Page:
With no limited-slip differentials, it is possible - with opposite corners in full droop and airborne, for example - for an Escape to get totally stuck. And that's why this ain't a true four-ba-four.


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I don't think the Explorer has limited-slip, either, at least in some models. The biggest difference between AWD and 4WD is in user interaction. AWD is more of an automatic system where the computer makes decisions for you. Most AWD systems do not have low-range gearing and can not be switched to 2WD mode. 4WD systems are more heavy-duty but requires the user to select the appropriate mode, and they have more modes to choose from - 2LO, 2HI, 4LO, and 4HI.
 

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i have a switch on my dash that allows me to lock the "transfer case" but alas no matter what you do, we only have 2wd. cause of the open diffs.
 

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We don't have a transfer case to lock. That switch just makes the response quicker in sending power to the rear wheels.
 

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how can it make it quicker? and i put transfer case in quotes cause i know thats not what it is, but its easier to put that for some people to understand.

the switch should engage the AWD, 4WD, rear wheels... whatever you want to call it. or else there would be no reason for the 01-04 to have it.
 

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Wow nice article, Thanks RobtRoma! :yes: Now I'm curious, I saw recently someone posted pictures of the actual percentage of drive that was being sent to their rear wheels at cruising, idle, and acceleration...(I looked around and couldn't find the post :confused: )...but it was a newer AWD system....I wonder if their is a major difference between the newer AWD systems and the older ones...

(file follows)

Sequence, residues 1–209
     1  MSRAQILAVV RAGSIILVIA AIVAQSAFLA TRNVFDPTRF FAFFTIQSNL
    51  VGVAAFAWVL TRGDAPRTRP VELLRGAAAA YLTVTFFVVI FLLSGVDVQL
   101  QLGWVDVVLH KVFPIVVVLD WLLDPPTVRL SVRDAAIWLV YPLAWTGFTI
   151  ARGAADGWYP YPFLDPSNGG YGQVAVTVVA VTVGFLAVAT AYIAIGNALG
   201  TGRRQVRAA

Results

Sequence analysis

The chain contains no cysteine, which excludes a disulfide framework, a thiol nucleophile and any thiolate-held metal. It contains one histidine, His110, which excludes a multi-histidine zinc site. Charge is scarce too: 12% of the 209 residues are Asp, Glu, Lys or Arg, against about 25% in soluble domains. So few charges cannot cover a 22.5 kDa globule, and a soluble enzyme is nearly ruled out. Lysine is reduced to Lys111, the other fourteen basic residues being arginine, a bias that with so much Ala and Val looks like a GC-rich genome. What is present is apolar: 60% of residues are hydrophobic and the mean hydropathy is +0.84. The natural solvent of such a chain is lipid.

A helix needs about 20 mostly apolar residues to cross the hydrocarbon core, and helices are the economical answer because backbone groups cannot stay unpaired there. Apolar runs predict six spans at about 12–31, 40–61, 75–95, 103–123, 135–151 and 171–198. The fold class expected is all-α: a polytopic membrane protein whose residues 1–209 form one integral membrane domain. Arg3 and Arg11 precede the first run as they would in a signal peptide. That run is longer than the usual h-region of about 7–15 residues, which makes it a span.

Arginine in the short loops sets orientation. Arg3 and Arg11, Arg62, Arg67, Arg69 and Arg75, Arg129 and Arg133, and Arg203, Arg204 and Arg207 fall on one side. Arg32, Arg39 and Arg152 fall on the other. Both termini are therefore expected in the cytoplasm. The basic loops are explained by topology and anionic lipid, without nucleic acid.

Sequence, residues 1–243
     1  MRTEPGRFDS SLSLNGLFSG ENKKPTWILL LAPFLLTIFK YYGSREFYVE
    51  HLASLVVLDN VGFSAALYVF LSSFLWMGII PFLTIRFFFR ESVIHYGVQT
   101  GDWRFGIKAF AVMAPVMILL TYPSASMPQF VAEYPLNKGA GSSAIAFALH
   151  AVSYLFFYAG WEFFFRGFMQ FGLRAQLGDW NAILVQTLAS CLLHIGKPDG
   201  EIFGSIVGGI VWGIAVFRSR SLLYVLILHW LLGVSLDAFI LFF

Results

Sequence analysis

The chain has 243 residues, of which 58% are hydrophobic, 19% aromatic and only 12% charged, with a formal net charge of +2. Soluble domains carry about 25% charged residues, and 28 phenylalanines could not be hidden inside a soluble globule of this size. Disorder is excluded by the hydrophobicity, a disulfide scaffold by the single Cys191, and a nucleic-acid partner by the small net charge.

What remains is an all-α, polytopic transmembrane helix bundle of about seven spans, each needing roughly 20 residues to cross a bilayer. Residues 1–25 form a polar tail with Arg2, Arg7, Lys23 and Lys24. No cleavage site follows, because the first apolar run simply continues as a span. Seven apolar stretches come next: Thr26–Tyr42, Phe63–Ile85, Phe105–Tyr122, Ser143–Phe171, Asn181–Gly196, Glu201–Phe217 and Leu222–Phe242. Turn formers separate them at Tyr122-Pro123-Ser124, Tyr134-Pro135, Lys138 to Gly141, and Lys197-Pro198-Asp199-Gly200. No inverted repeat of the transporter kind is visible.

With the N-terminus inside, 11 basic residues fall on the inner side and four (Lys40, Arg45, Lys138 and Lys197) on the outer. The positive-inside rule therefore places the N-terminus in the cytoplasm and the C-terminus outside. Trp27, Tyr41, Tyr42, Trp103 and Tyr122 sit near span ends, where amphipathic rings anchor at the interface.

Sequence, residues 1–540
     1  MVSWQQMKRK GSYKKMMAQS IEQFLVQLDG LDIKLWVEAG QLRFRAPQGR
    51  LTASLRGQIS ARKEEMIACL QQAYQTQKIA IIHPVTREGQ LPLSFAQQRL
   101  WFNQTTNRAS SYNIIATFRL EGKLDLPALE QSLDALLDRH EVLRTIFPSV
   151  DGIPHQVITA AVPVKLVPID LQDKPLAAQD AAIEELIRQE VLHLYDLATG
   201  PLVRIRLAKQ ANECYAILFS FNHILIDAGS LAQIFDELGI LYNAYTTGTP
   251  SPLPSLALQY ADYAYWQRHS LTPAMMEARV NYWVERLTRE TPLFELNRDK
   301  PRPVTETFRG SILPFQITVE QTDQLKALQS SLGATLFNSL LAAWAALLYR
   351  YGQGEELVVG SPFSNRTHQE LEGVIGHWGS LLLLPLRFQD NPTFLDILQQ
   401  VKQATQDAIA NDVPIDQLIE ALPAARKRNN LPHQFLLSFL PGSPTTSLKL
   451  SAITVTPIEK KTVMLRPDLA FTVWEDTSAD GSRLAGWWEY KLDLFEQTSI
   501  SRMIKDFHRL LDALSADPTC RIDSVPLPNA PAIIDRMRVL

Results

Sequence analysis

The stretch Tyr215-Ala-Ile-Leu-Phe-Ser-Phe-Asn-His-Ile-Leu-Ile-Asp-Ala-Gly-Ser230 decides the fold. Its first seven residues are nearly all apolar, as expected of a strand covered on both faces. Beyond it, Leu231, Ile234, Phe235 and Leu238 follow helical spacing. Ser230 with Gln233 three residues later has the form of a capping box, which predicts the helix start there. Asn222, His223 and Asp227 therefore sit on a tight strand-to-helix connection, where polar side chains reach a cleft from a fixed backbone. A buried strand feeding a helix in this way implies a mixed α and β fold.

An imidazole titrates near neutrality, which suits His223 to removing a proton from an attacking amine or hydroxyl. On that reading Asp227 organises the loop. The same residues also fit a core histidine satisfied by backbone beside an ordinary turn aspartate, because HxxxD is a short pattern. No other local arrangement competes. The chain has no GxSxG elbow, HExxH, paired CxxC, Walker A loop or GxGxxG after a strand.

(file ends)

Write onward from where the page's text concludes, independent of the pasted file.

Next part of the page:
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I've always wondered the same thing. This thread really helped clear some things up :thumb:
 

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Bringing this back up. I have the '08 "Advancetrac" and I am in a jeep club. the Escape keeps up with the Jeeps on open trail and is okay on some of the hill climbs. The jeep drivers are surprised at how well the AWD system works on dry dirt. When I get stuck I use 2gear to start off in then throw it into D w/o OD and I usually get out of the rut. So far i have not had to get a tow. they did actually insist i get tow hooks and decent pick points. I also had an engineer tell me not to beef up the "Advancetrac" due to it being so well balanced and dialed in for beginner to novice trail use.
 

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MichaelJD1980 said:
I suggest we forget the 4WD vs. AWD monikers and .....
:lol: :lol: :doh: :whistle:

Ha Ha ... you didn't really think this group would let this sleeping dog lie, did you?

Just my opinion, if all 4 wheels get power all the time, it's All Wheel Drive. Everything else, be it manual, automatic, locking hubs, Limited slip, transfer case, viscous coupling, RBC, etc, is 4WD, just with different degrees of rubustness and capabilities.

Viva la difference ...